My Media Info: This is a tool used by public relations professionals to find contact information for specific writers and editors. Using this tool you can also monitor publication editorial calendars to find out when your particular product will most likely fit into their news pipeline and monitor what news coverage your product is receiving. Granted, this is a pricey tool and might not be a good fit for every independent app owner/dev - but, if your company has in-house marketing or PR staff, it would be wise to arm them with MMI, as it will greatly assist them in doing their jobs.

Coverage on a variety of blogs can help your app get extra downloads and be positioned higher on the iOS App Store or Google Play. But, it doesn’t always. Press traction doesn’t and cannot guarantee the volume of downloads needed for your app to hit the TOP charts. 

There are many variables to media relations that cannot be controlled or predicted. Such as, the timeframe in which a publication will actually run a story about your app, how many people will read it and how many of those readers will be sufficiently intrigued by that article to pop over to their mobile app store and download your product. But, press traction is one of those situations in which you have to embrace the “won’t hurt, could really help” philosophy to life.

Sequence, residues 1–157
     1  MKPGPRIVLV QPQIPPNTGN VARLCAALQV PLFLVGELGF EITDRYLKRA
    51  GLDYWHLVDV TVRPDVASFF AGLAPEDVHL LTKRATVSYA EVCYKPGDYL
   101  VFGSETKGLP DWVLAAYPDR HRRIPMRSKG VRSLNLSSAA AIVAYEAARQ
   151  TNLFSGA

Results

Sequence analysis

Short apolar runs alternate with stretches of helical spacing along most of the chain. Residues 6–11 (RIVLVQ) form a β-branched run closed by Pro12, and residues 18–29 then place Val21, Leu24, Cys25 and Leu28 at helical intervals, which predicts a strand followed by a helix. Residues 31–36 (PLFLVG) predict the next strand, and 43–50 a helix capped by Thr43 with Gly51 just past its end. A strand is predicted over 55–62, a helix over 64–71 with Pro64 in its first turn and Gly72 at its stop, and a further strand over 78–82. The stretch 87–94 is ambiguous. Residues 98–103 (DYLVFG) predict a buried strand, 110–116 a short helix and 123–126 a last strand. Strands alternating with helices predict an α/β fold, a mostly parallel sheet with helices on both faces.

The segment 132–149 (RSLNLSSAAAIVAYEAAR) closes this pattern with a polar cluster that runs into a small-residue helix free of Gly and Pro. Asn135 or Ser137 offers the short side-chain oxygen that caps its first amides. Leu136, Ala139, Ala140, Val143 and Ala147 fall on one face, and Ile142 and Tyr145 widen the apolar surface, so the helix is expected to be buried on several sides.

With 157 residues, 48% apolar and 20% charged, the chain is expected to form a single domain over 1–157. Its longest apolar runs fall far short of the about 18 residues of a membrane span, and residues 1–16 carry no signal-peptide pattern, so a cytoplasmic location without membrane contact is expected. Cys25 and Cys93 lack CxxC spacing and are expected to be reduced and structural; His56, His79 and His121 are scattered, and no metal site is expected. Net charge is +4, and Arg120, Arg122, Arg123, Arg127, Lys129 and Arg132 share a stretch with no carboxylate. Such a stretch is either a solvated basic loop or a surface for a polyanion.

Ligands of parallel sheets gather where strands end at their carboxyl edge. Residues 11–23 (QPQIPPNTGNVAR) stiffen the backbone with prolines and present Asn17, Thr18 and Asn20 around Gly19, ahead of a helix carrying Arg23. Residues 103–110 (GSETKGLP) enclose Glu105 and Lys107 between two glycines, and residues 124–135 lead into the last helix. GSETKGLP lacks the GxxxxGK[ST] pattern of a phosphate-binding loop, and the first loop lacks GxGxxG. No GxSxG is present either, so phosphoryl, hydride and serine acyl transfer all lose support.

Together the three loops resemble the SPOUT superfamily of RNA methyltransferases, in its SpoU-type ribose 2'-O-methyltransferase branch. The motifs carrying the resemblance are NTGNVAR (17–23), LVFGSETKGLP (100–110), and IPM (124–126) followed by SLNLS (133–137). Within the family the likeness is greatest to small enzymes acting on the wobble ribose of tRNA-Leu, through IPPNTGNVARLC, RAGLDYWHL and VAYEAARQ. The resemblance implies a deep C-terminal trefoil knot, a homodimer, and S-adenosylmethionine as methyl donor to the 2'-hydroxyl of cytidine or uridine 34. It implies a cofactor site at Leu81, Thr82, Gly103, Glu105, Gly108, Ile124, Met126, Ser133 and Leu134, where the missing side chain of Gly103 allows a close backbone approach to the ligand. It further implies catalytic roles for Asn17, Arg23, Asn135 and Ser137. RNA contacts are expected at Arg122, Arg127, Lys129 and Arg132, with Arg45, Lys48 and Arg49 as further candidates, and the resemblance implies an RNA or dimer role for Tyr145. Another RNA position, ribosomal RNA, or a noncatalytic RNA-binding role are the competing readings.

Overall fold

Do Your Homework

As we mentioned before, before writing a pitch you need to pick a specific target within a publication you want to reach out to. Your starting point should be searching that publication for articles written about direct competitors of your app and about topics relevant to what your app does. If a person at one time wrote an article about your niche of the mobile world, it is compelling evidence that the topic, at least tangentially, interests them. 

The next step is to read through the writer’s last five or six articles to figure out how often they write for the publication and what the scope of work they are doing now is composed of. All this information will be helpful for you to use to initiate a discussion about your app.

Pitch